If “Square Dance” has as its driving motifs a couple of ballet steps and uses patterns in a secondary way, “Ballet Imperial” uses patterns and formations to present itself while steps are subsumed to the good of the whole.
Although I can romantically wish for having been able to see the original and other previous casts around the globe, it’s nevertheless, hard to imagine this ballet as being better presented today. It’s a big ballet.
From Martin Pakledinaz’ lush and regal costumes, to the set design by Edith Whitsett – and using Francia’s Russell’s authoritative and meticulous staging, this ballet was a fitting and welcome conclusion to the evening. 44 minutes of Tchaikovsky’s exhilarating music in three movements. What’s not to like and enjoy?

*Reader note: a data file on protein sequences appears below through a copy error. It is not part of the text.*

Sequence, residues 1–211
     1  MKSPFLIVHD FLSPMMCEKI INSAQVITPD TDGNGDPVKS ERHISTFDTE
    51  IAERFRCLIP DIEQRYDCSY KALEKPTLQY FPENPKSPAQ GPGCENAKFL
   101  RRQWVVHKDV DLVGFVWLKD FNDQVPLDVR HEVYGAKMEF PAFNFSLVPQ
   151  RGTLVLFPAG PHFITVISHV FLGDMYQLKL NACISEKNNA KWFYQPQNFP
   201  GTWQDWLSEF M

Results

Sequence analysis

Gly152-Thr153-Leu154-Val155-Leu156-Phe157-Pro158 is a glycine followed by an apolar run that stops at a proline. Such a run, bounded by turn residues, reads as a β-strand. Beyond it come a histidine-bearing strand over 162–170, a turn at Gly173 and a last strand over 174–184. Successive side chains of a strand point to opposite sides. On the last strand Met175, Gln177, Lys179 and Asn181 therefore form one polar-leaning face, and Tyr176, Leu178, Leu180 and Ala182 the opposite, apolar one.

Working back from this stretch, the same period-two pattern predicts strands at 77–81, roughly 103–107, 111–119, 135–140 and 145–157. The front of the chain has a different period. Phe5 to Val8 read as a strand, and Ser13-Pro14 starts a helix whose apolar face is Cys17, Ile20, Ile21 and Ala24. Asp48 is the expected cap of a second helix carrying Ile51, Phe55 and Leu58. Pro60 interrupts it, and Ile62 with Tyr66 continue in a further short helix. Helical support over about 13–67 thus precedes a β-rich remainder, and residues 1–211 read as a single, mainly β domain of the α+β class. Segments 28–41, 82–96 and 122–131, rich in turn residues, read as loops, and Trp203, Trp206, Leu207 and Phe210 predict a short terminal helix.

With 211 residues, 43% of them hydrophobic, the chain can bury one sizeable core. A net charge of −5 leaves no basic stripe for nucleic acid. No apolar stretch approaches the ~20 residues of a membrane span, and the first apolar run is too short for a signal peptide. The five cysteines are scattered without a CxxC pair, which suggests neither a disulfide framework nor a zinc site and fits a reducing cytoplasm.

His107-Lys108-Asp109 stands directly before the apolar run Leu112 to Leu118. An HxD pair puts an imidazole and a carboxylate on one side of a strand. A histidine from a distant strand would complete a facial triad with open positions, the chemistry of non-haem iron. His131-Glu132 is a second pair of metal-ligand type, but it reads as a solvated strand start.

From the little pinkies of the corps to each step of the soloists and principals, this is a ballet that says, “BALLET!” There is even some great stuff for the men to do.
The principal couple, Kaori Nakamura and Batkhurel Bold were born to do this genre of ballet. As they powered-up their legs and danced, they reminded me of high-end automobiles – purring with power, sleek and focused, beautiful but with nothing superfluous.
PNB’s opening repertory program was a well-balanced full course meal of works that showed not only what this company is capable of doing but it also whetted our appetite for the coming season.